This latest novel is the story of the historical figure of Sultana Aisha, who's come down through history as Aisha la-Hurra, the mother of the last Moorish ruler of Granada called Boabdil in Spanish sources and the first wife of Muley Hacen. She's also known for her rivalry with Muley Hacen's second wife Isabel de Solis shaped Spain's future. Aisha also has a reputation as one of the great patriots of Moorish history. As her world altered, she wanted the women and children of Granada fighting to preserve the kingdom. Anyone who's familiar with fifteenth century Spain or watched the Spanish television series, Isabel, season two knows about these characters. Or so you think. As an aside, one of the things that has always disappointed me about the portrayal of Aisha on screen and frankly throughout history is that it's often presumed she was a jealous bitch, a harridan, a disloyal wife to her eventual husband. She was a woman with a cause, and justification for what she did can be found in her terrifying experiences.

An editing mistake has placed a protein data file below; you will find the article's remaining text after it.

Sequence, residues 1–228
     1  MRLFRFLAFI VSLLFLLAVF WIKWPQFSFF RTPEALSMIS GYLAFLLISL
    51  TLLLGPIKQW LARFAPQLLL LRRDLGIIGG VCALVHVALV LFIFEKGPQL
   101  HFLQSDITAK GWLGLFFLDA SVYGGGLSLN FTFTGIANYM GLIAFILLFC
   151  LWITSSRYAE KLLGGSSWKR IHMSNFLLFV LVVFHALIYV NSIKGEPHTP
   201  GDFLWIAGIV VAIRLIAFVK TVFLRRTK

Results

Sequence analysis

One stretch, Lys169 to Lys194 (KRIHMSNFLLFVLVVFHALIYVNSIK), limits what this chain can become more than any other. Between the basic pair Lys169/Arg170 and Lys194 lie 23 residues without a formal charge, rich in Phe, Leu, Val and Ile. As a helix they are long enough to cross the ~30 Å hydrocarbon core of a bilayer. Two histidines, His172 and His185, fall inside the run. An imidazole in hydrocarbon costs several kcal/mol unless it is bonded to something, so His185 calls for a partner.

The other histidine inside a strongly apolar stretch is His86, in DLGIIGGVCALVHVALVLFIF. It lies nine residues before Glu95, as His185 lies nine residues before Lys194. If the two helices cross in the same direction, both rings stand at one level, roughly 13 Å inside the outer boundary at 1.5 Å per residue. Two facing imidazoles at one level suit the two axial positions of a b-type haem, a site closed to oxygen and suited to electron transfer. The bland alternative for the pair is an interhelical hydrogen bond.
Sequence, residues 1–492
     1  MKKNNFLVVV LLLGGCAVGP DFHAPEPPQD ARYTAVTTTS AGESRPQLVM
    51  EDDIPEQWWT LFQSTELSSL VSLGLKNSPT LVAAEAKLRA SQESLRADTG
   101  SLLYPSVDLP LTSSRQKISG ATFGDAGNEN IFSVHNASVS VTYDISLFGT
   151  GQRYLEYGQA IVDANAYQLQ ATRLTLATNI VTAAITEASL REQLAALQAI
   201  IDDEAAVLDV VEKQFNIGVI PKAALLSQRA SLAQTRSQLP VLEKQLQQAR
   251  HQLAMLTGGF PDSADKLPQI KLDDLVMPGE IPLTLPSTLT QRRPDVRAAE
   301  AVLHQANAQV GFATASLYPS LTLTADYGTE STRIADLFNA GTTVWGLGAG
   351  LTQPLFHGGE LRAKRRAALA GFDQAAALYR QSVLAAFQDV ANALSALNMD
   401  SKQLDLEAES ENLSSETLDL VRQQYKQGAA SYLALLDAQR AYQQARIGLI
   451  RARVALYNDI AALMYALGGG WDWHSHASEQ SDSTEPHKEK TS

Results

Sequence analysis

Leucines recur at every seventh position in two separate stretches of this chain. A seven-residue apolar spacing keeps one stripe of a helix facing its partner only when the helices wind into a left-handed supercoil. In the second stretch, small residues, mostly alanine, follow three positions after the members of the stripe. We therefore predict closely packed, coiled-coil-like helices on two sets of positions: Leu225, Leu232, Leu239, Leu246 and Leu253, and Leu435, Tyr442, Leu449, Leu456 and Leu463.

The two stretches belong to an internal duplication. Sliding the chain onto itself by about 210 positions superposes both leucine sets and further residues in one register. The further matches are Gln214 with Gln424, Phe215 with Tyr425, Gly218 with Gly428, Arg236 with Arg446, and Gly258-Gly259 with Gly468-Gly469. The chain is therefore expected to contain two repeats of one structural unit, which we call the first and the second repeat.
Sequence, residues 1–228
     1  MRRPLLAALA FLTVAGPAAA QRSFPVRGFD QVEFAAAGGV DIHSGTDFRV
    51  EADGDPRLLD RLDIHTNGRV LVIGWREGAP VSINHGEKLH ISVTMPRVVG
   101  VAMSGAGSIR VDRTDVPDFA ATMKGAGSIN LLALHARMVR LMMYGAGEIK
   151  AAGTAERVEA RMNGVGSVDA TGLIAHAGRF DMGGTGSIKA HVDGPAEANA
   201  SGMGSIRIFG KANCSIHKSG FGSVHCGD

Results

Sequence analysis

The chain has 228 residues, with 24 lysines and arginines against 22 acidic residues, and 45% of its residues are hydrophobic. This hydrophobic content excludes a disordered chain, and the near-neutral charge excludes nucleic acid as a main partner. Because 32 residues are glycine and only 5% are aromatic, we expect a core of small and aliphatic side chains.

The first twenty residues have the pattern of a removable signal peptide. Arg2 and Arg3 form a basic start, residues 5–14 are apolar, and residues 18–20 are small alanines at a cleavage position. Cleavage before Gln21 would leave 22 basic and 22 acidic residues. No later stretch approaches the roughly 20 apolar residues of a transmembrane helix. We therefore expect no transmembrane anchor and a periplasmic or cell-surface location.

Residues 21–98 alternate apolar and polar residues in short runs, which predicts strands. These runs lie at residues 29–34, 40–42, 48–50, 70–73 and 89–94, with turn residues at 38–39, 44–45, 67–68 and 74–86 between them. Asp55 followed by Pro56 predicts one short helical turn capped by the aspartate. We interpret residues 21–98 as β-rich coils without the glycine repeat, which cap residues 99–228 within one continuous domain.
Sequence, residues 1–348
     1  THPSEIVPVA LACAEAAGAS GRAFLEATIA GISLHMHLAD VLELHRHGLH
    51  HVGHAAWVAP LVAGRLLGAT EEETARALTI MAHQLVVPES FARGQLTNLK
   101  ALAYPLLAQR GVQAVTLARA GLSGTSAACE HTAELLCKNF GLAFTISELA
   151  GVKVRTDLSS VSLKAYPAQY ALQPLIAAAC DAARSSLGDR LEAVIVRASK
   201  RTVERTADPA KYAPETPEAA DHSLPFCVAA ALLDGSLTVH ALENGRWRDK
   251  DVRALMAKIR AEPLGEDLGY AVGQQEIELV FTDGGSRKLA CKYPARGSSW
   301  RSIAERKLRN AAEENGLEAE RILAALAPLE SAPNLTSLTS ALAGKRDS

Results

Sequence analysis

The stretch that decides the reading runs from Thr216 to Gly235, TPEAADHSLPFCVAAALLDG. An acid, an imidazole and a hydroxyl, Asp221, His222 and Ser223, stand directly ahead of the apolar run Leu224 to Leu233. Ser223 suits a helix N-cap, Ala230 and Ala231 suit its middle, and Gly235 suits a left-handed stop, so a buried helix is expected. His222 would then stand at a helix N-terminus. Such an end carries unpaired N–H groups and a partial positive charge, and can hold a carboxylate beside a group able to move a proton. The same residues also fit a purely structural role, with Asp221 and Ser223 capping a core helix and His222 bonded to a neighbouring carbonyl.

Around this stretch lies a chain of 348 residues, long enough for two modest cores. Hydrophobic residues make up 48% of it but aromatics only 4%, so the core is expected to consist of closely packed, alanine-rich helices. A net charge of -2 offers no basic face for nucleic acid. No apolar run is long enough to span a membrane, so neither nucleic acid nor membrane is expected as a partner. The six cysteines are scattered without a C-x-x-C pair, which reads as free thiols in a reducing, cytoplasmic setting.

In Sultana: The Pomegranate Tree, Aisha is more than a mother, wife, or patriot. She's a complex character, one of three sisters born to a Sultan without sons. She's born in a time where the borders of Moorish Spain have dramatically shrunk. The union of Aragon and Castile by the marriage of their respective monarchs, Ferdinand and Isabella threatens Aisha's world. She endures drastic changes, but also initiates some of her own with varied consequences. She often finds herself torn between making the right or wrong choice, guided by her head and heart. She supported and thwarted by a cast of other characters including her own father Muhammad IX, her would-be-husband and lover Muhammad X, her enemies the Sultans Saad and Abu'l-Hasan Ali, and a slave girl from Castile, Isabel de Solis who later takes the name Soraya. There are powerful ministers, brutal clan rivalries, and strained relationships within Aisha's immediate family.
I've written about a period in Spanish history that is more popular and well-researched than the earlier periods of the first four novels. I hope readers will enjoy their time spent in Aisha's world. More information and links to ebook retailers can be found here.